The Digital Plague, by Jeff Somers

Jeff Somers – The Digital Plague
Orbit, 2008, 342pp, £6.99, ISBN 978-1-84149-704-4

Avery Cates is an assassin who has made it to the top. He is personally inconvenienced and professionally mortified when he is abducted by persons unknown, injected with a substance unknown and released into the wild again. Shortly after, people around him start getting ill and dying. The reader is a little (but only a little) ahead of him in working out that he might be the cause of this thanks to the injection of whatever-it-was. There were echoes, briefly, of the classic noir film D.O.A. – but the hero of that movie’s response wasn’t “I was going to have to kill a whole lot of people.”

Thereafter the plot expands relentlessly, logically and with a high body count, expanding on the world created in Somers’s The Electric Church. Reading that first book isn’t necessary, but those who have (I hadn’t) might get an extra layer of enjoyment. The injection is the digital plague of the title, an ingenious little nanotechnology device intended to bring down civilisation and further the aims of some convincingly and enjoyably barking mad bad guys.

I only had two hiccups with the logic of this future world. Psionic powers of telekinesis and compulsion are recognised and acknowledged, but the nanotech of the plague takes people by surprise; and rather than use aeroplanes, or helicopters, or even dirigibles, all of which are reasonably controllable if a malfunction occurs, they use anti-gravity-based hovers which fall like a brick out of the sky at least twice in the course of the narrative.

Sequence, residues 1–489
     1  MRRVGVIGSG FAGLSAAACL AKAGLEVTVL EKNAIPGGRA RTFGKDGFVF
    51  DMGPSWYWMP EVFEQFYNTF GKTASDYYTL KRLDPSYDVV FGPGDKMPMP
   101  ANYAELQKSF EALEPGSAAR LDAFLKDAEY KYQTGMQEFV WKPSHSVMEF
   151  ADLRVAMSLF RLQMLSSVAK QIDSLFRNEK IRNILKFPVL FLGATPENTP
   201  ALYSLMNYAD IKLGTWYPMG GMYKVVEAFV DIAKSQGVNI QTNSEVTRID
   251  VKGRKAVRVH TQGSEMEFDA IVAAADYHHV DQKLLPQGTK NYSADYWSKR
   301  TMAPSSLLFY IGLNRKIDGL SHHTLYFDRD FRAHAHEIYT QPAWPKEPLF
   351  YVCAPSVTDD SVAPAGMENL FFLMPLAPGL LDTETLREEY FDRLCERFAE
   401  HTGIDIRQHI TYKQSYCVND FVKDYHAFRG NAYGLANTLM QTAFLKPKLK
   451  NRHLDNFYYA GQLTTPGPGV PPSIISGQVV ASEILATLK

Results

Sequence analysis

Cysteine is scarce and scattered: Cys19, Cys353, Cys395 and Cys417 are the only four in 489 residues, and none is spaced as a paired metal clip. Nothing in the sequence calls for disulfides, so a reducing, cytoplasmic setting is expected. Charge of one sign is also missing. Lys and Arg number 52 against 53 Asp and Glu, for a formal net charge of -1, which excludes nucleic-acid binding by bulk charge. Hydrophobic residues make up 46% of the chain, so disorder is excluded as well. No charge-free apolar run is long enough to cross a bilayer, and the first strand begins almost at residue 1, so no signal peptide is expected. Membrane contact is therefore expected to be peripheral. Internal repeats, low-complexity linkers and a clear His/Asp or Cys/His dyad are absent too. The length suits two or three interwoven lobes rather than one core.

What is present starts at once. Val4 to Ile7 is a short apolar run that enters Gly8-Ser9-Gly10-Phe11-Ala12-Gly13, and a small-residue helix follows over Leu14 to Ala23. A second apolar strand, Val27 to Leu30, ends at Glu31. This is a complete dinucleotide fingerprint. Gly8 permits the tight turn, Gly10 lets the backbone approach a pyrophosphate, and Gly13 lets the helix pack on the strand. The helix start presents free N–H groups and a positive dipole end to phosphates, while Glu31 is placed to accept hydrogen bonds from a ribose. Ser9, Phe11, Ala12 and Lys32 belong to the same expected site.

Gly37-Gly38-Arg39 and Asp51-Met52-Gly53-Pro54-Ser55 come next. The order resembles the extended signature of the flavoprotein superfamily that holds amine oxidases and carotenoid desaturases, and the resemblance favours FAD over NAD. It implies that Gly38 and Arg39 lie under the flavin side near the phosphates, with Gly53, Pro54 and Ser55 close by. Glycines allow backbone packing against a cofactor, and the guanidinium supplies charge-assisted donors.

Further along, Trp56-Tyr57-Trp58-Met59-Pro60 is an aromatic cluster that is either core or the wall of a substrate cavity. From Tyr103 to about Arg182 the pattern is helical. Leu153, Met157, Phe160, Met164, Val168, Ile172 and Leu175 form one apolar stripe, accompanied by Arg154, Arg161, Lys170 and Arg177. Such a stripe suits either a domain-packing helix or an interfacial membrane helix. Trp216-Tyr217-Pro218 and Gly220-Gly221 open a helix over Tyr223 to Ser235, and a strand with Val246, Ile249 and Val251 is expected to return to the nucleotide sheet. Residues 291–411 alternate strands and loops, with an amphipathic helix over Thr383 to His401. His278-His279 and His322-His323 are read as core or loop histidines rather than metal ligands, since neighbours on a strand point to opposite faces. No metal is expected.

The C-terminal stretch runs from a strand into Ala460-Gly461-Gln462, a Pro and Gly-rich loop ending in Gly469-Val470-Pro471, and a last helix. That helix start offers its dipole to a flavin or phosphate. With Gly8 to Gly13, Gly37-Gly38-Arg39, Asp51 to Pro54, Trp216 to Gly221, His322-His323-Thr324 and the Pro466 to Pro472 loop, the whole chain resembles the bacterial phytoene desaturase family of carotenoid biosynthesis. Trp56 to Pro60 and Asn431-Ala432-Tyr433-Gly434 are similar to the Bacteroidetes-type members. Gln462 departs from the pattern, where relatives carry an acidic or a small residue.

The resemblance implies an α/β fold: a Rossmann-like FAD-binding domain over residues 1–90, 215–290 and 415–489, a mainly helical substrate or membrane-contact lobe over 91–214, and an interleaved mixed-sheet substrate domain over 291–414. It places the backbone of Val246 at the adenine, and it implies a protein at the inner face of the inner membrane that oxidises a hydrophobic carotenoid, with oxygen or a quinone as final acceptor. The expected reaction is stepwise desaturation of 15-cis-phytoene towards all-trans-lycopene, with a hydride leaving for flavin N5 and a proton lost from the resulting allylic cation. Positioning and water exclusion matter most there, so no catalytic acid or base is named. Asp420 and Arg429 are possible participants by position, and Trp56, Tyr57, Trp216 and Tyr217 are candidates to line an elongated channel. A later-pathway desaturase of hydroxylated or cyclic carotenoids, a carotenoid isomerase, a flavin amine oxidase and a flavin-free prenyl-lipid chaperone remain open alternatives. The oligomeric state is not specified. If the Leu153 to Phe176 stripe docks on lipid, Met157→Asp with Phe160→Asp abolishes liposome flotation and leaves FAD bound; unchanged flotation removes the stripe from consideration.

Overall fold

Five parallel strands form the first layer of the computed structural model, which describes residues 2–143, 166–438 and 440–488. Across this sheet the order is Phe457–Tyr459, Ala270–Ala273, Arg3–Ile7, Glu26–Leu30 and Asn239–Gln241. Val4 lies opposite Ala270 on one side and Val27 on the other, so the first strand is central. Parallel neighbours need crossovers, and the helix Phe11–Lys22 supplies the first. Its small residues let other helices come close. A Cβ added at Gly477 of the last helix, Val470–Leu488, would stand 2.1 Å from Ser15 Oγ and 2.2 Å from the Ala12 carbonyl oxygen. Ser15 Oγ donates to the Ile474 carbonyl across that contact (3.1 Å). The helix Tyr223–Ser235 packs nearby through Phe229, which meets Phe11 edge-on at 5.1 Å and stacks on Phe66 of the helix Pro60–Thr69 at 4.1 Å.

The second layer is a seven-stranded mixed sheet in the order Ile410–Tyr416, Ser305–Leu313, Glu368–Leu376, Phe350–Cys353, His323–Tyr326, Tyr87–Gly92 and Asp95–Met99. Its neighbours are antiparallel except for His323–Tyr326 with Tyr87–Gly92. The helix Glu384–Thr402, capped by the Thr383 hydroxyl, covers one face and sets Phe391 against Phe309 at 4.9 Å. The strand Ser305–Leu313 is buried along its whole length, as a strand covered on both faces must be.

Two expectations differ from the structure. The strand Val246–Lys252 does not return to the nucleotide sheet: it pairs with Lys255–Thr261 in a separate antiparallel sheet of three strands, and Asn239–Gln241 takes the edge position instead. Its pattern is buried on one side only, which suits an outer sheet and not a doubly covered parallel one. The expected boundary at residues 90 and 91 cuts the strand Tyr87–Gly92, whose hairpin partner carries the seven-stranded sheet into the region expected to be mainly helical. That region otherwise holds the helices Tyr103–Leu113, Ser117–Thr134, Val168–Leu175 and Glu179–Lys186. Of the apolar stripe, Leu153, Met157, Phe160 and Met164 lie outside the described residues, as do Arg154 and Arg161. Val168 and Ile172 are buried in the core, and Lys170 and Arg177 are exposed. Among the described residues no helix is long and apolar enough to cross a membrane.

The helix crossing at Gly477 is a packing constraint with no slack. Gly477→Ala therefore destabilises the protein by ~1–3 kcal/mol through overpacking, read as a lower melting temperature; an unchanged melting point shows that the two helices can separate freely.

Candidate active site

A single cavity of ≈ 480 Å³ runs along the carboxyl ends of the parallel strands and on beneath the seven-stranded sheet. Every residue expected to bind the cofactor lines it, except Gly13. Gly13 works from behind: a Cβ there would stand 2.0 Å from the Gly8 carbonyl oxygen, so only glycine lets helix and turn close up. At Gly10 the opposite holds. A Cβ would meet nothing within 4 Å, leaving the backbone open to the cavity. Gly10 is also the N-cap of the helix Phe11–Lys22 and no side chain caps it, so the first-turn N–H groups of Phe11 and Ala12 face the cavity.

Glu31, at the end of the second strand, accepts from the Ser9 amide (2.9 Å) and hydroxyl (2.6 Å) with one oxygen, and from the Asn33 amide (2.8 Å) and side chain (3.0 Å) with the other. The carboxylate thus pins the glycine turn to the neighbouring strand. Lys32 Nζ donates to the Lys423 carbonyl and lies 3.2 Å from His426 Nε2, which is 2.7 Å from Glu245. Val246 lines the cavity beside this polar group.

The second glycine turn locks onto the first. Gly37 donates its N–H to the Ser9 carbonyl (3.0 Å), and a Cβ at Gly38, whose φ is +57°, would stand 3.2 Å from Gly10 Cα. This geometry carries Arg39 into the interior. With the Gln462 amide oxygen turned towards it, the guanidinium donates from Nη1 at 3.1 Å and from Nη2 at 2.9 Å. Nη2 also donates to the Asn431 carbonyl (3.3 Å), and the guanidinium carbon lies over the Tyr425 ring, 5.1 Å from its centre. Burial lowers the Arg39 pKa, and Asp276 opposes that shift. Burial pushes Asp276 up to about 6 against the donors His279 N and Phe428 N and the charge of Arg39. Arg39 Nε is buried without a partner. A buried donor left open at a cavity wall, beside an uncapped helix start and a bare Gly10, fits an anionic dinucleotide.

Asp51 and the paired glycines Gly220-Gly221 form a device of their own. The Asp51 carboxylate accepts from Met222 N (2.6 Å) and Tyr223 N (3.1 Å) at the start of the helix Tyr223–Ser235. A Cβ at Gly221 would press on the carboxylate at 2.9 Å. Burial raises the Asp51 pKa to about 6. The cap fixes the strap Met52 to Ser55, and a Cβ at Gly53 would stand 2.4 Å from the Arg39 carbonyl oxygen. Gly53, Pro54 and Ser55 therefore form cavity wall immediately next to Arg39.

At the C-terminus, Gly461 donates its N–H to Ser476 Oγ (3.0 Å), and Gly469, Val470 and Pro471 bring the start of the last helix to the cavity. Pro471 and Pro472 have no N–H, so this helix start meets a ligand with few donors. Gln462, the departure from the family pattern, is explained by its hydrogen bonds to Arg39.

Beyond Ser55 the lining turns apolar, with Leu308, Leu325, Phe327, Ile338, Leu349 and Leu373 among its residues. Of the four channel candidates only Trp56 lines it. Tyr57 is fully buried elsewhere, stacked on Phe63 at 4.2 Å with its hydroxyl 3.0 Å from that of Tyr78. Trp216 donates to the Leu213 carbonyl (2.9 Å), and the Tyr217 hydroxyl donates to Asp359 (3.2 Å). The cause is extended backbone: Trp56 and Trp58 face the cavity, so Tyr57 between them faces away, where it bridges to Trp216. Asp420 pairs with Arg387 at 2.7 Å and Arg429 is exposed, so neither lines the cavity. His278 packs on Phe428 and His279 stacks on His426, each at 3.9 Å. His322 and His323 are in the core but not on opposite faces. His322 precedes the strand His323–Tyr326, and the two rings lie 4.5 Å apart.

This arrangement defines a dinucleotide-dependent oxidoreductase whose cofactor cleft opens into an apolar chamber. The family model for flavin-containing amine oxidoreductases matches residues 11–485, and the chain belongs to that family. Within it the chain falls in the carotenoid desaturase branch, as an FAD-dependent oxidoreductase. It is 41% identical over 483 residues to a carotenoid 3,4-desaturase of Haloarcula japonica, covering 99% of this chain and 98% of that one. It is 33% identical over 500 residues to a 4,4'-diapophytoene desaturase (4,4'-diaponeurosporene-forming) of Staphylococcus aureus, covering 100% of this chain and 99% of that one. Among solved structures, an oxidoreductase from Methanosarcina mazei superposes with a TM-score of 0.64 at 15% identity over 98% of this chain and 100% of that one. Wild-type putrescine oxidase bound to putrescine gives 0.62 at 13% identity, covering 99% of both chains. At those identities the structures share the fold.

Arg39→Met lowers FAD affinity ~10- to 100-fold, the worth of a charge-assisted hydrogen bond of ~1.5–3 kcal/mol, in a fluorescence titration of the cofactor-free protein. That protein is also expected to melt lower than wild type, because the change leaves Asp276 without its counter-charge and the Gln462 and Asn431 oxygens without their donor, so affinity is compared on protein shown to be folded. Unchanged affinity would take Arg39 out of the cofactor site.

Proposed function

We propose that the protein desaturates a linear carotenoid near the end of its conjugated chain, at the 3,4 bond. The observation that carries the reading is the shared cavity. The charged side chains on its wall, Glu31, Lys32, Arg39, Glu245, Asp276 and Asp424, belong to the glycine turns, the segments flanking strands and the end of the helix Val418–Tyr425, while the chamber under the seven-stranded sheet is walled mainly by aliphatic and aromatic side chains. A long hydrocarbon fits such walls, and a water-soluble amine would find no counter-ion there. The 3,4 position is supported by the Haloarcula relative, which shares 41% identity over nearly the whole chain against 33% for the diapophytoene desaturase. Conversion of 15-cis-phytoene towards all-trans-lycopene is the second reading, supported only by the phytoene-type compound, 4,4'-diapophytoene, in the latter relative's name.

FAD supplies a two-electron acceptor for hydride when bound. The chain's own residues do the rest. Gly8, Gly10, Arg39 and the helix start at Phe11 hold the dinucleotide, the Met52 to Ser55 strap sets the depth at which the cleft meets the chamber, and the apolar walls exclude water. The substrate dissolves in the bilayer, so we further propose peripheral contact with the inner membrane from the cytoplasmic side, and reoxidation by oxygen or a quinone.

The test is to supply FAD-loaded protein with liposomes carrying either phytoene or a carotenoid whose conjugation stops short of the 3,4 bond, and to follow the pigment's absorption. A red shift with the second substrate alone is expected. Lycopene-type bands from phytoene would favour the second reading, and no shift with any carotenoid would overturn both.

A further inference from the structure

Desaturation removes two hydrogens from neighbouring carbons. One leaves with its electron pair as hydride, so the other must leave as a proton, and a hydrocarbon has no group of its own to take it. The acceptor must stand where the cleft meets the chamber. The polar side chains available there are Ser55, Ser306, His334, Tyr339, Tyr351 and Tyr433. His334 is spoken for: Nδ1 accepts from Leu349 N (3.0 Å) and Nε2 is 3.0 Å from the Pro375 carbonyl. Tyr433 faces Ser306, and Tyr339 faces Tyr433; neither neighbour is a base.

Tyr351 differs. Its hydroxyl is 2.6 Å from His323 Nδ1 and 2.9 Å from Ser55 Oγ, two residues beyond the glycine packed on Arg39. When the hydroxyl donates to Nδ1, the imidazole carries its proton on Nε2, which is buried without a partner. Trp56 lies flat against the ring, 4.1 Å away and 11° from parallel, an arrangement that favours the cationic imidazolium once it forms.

The plot is pure science fiction, in that if you removed the science fiction it would make no sense at all. The underlying technology doesn’t exist in our world and the logic behind it would be groundless. Jeff Somers’s story could only exist in the world that Somers has created. Ten out of ten for story telling and world building.

What I disliked was that it’s a really, really, really grim world. The only concern of anyone with power or authority is to keep that power or authority. Cates has made a success of himself, in that he started as a street punk who would rub out anyone on a freelance basis, and is now fully professional. He still kills people, which is the bottom line. There is no way out. There is no beauty or elegance or creativity and no chance of anything ever being better.

Cates himself isn’t entirely happy about this and does have a vague notion he should help keep civilisation going and defeat the plague. There is no real sense of why he should do so, apart from the general precept that it’s better to be alive and human than a reanimated zombie. Normally I wouldn’t argue, but having seen what it means to be alive and human here, I’m not so sure. This world has no redeeming features and nothing worth living for. There’s a plague coming? Bring it on.

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